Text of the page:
Sunday, December 11

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The story of twin boys who became brother and sister.

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In the fantasy and superhero realm, the most chilling and compelling villain of the year was surely Magneto, who in X-Men: First Class is more of a proto-villain, a victim of human cruelty with a grudge against the nonmutants of the world rooted in bitter and inarguable experience. Magneto is all the more fascinating by virtue of being played by Michael Fassbender, the hawkishly handsome Irish-German actor whose on-screen identity crises dominated no fewer than four movies in 2011. Magneto, more than the others, also evokes a curious kind of self-reproach, because his well-founded vendetta is, after all, directed against us.
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The ascendant breed of grown-ups who are redefining adulthood.

This is an obituary for the generation gap. It is a story about 40-year-old men and women who look, talk, act, and dress like people who are 22 years old. It’s not about a fad but about a phenomenon that looks to be permanent.

Saturday, December 10

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On prospecting for space rocks in Kansas.

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 The same forces that put his family in the slum also gave him the golf course on the other side of the wall, and the teachers and sponsors, and the strange ability to hit a ball with a club. But it still doesn't make sense. Sometimes it seems as if fate is wrestling with itself, making sure the circumstances of his birth are always conspiring to take away whatever gifts might allow him to escape it. He lives in two worlds, each one pulling away from the other. Anil is in the middle, trying to keep his balance.

Friday, December 9

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An essay drawn from the introduction of Davidson’s iconic book Subway, first published in 1986:

To prepare myself for the subway, I started a crash diet, a military fitness exercise program, and early every morning I jogged in the park. I knew I would need to train like an athlete to be physically able to carry my heavy camera equipment around in the subway for hours every day. Also, I thought that if anything was going to happen to me down there I wanted to be in good shape, or at least to believe that I was. Each morning I carefully packed my cameras, lenses, strobe light, filters, and accessories in a small, canvas camera bag. In my green safari jacket with its large pockets, I placed my police and subway passes, a few rolls of film, a subway map, a notebook, and a small, white, gold-trimmed wedding album containing pictures of people I’d already photographed in the subway. In my pants pocket I carried quarters for the people in the subway asking for money, change for the phone, and several tokens. I also carried a key case with additional identification and a few dollars tucked inside, a whistle, and a small Swiss Army knife that gave me a little added confidence. I had a clean handkerchief and a few Band-Aids in case I found myself bleeding.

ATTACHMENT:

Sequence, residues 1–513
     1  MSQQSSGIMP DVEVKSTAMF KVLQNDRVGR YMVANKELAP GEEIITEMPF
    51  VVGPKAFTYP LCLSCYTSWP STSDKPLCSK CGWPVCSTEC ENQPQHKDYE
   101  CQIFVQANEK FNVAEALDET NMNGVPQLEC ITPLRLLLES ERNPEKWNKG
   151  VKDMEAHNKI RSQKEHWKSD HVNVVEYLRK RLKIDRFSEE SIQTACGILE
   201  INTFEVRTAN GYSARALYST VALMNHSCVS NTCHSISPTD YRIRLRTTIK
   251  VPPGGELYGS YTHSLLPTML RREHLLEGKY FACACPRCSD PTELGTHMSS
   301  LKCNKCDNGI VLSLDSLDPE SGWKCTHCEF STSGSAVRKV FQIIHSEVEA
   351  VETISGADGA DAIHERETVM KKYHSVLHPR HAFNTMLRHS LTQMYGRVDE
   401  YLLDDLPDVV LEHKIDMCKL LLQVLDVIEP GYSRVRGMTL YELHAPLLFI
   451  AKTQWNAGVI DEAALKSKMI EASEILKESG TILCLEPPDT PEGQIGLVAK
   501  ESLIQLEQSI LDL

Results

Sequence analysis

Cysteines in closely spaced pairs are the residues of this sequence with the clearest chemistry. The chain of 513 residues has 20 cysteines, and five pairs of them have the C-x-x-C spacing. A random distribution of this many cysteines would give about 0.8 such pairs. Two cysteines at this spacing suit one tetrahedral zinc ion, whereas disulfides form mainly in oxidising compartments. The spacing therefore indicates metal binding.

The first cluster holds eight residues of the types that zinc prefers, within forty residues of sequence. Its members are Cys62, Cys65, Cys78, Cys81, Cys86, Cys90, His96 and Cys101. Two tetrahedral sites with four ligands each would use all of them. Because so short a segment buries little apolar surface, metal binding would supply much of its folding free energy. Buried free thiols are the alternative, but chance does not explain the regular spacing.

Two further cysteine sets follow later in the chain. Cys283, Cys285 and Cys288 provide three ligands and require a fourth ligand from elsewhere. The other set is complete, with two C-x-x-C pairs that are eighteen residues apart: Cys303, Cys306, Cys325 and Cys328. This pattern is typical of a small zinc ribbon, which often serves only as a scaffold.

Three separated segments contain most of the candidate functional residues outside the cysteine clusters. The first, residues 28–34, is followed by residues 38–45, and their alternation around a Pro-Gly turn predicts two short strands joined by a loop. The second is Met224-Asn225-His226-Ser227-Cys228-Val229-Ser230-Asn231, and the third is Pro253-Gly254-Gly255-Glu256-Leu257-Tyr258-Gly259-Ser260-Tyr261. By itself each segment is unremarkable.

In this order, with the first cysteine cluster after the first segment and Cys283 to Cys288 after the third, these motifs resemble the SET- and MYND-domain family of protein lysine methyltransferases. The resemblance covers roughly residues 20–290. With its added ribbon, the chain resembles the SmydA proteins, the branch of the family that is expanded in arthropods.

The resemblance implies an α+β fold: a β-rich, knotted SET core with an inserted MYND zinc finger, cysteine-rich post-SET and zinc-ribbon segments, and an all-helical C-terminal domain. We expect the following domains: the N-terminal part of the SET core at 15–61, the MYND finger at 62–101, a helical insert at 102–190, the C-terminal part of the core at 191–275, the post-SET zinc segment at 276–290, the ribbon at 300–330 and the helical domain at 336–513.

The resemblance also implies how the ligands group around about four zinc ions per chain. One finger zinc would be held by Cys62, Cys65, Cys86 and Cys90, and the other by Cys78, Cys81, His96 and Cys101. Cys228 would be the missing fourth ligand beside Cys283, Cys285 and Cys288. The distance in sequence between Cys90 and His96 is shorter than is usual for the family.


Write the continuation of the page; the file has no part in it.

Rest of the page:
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On the Final Exit Network, a controversial right-to-die organization, and the death of their client John Celmer.

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Before the market crashed and home prices tumbled, before federal investigators showed up and hauled away the community records, before her property managers pled guilty for conspiring to rig neighborhood elections, and before her real estate lawyer allegedly tried to commit suicide by overdosing on drugs and setting fire to her home, Wanda Murray thought that buying a condominium in Las Vegas was a pretty good idea.
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How the Mosley Motel, off U.S. 19 in Florida, became the temporary home to at least 27 families turned away from full shelters.

Thursday, December 8

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When Saul Bellow and Ralph Ellison were roommates.

He and I had our differences. I am not inclined to be sentimental about those Arcadian or Utopian days. He didn't approve of my way of running the place. I had complained also that his dog relieved himself in my herb garden. I asked, "Can't you arrange to have him do his shitting elsewhere?"

Wednesday, December 7

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The West Memphis Three, teenagers who were convicted in 1993 of brutal killings that they certainly did not commit on the basis of local gossip that they were satanists (as evidenced by Metallica fandom), suddenly found themselves released this summer after over 17 years in prison. But what life awaited them?